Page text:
Soundcheck : James Young : Styx singer/guitarist
Wednesday, May 05, 2004

Throughout the existence of Styx, singer-guitarist James Young has been the band's lone constant. During the Chicago band's glory years, 1975 to 1980, Young provided balance for the baroque act. Singer-keyboardist Dennis DeYoung's power ballads were sugary-swet, and Young's rockers were dark and aggressive. “Babe,” “Lady” and “Come Sail Away,” the former's compositions, became massive hits, while the latter's bitter “Miss America” and raucous “Snowblind” earned play on album-oriented rock stations. DeYoung, who's no longer with Styx, is on tour rendering the band's hits, while Styx is on the road offering tunes from its canon.

Ed Condran

STYX, Peter Frampton, Nelson
7 p.m., Thursday, May 6
Blossom Music Center
1145 W. Steels Corners
Tickets: $25-$69.50

Styx has been around for more than 30 years. What is left to prove?
That we're still a vital and vibrant band, which we prove every night we play live.

Unlike many of your peers, who are content to live off old hits, you're still making new albums.
It's something we need to do. We're doing some exciting stuff now that we've left our previous keyboard player at home in 1999.

You're referring to Dennis DeYoung, who was always very different than you and Tommy Shaw.
In the very beginning, Dennis and I were on the same page. He always had different musical tastes than me, but we found common ground. Then Tommy joined the band, and he was so successful as a rocker that Dennis changed a bit. Dennis was looking for a new identity. He started channeling Barry Manilow, which is exactly what I didn't want to do. Dennis wasn't a team player.

Your 1983 album, Mr. Roboto , which essentially splintered the band, was basically a DeYoung solo album.
It was his dream and our nightmare.

You replaced DeYoung with Glen Burtnik. Why did Burtnik quit Styx?
Glen had never been part of a band that toured constantly like we decided to do in 1999. A lot of our rehearsing is in Los Angeles. He wanted to spend more time at home. He's a family guy. He didn't want to miss his kids growing up. He became less happy with the situation and he left.

You were really close to drummer John Panozzo. When he passed away during the mid-'90s, did you ever consider scrapping Styx?
No, because every night that we go onstage we dedicate what we're doing to John. We're doing what he would want us to do. We're doing what we have to do. I've been doing this so long. It's a big part of my life. It's hard to imagine doing anything else.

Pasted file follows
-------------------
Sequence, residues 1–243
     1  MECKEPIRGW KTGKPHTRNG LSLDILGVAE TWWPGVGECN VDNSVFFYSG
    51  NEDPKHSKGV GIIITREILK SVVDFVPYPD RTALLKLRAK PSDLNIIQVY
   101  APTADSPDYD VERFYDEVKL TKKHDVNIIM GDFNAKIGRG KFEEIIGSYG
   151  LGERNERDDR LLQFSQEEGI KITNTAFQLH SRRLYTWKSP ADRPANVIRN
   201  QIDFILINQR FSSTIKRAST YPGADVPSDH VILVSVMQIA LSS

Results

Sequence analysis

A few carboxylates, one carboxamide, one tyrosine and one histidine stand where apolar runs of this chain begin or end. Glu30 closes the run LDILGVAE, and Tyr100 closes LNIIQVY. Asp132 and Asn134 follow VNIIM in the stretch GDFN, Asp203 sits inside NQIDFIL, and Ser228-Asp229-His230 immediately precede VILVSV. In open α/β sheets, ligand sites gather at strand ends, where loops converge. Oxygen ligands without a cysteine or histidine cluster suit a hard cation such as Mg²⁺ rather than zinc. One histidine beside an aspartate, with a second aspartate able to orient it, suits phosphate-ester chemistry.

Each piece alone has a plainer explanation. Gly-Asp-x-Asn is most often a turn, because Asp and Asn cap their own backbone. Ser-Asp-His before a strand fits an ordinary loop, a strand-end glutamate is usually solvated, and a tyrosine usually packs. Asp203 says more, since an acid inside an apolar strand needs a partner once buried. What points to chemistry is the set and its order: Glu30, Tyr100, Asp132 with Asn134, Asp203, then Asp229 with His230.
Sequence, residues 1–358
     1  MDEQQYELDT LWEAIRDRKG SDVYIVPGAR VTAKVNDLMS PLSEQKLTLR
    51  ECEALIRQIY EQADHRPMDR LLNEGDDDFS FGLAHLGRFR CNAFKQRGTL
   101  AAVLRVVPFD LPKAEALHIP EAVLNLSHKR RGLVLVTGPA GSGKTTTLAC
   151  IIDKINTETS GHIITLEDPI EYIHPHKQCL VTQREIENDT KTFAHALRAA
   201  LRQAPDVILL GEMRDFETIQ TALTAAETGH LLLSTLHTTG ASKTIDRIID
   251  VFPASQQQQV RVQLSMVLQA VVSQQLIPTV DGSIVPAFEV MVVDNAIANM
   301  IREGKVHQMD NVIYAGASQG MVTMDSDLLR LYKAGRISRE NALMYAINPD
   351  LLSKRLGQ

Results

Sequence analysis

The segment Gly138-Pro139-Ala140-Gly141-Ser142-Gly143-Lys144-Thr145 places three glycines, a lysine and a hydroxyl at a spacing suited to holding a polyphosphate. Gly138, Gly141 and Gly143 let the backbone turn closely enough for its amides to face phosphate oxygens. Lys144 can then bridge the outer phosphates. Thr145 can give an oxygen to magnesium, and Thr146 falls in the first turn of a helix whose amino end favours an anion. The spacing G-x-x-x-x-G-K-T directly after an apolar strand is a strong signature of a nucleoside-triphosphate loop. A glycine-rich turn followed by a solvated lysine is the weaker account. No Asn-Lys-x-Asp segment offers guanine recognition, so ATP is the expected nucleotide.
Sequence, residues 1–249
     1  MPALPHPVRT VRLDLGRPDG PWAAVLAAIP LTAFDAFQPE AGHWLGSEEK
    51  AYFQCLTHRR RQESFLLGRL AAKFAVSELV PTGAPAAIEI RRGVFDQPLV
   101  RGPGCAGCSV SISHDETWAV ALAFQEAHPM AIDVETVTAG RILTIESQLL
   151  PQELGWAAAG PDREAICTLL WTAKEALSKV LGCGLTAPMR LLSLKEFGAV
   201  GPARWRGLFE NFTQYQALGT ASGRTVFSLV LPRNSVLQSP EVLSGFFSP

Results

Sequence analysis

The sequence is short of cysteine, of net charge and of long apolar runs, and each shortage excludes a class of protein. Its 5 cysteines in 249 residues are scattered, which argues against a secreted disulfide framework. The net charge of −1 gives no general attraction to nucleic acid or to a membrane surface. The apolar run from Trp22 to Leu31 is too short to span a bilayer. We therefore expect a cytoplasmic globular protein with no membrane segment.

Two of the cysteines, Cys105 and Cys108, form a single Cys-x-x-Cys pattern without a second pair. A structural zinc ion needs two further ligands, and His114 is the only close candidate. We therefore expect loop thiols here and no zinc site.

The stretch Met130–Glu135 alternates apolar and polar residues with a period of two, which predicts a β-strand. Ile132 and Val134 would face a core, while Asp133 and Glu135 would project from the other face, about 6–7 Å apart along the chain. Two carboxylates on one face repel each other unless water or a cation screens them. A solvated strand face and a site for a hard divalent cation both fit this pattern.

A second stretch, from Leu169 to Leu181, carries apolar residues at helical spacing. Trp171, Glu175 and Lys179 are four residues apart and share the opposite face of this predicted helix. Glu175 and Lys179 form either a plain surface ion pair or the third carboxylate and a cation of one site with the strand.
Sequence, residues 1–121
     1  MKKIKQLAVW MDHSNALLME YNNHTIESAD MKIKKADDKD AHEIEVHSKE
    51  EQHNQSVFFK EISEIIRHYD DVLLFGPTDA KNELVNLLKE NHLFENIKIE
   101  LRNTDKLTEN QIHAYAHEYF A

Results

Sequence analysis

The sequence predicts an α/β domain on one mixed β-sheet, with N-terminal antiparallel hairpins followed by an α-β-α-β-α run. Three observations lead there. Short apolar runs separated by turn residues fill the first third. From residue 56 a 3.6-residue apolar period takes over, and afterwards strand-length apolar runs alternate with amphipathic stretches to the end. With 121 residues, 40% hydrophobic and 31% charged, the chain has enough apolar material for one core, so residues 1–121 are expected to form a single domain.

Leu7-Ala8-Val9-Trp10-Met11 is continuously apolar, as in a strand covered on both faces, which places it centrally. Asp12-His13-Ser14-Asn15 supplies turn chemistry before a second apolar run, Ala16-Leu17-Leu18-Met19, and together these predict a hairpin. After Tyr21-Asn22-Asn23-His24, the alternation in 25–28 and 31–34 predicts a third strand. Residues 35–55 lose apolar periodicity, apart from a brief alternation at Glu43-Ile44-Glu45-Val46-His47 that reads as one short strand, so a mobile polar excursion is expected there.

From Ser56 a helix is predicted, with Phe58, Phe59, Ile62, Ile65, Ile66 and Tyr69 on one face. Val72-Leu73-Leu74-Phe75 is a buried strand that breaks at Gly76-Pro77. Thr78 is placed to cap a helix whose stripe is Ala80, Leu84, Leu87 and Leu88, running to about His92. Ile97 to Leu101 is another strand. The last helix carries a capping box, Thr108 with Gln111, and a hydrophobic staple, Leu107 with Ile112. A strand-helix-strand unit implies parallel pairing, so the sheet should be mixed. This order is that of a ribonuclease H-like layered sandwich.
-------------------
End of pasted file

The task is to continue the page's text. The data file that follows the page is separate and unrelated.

Is Damn Yankees a potential conflict for Tommy Show, or is that band finished?
Damn Yankees is becoming more and more of a historical footnote. At this stage, if anybody has a chance of getting on contemporary rock radio — I doubt either band does — it would be Styx. Tommy is focusing on Styx.

During your salad days, Styx was lumped into progressive rock. What would you call Styx now, since the band is hardly progressive?
I think we returned to what is known as the progressive-rock mindset. The whole pop side is there. The growling blues aspect is there, but I think if you had to label us, we're a progressive-rock band.

How do you showcase new material when most of your fans just want to hear the hits?
You have to structure and pace the show in the right way. My own strategy, which has been adopted by the band, is to play a hit song everybody knows and loves. Then you play a new song. The best thing you can do is play three very familiar songs and then throw in an up- tempo new song that rocks. That way you won't lose them. It's like feeding a dog a pill. You stick it in with a sweet treat, and it all goes down and the dog will love it.

At some point, every band calls it a day, except the Rolling Stones. When will you write a final chapter for Styx and leave the prog-rock world to the Dream Theaters?
I don't think about the end of this band. I can't think that way. All I know is that we love being out there watching the fans going crazy, singing along with us. It's a wonderful reaffirmation for us and our body of work. We're thrilled that the fans want us, and we're not going to go away.

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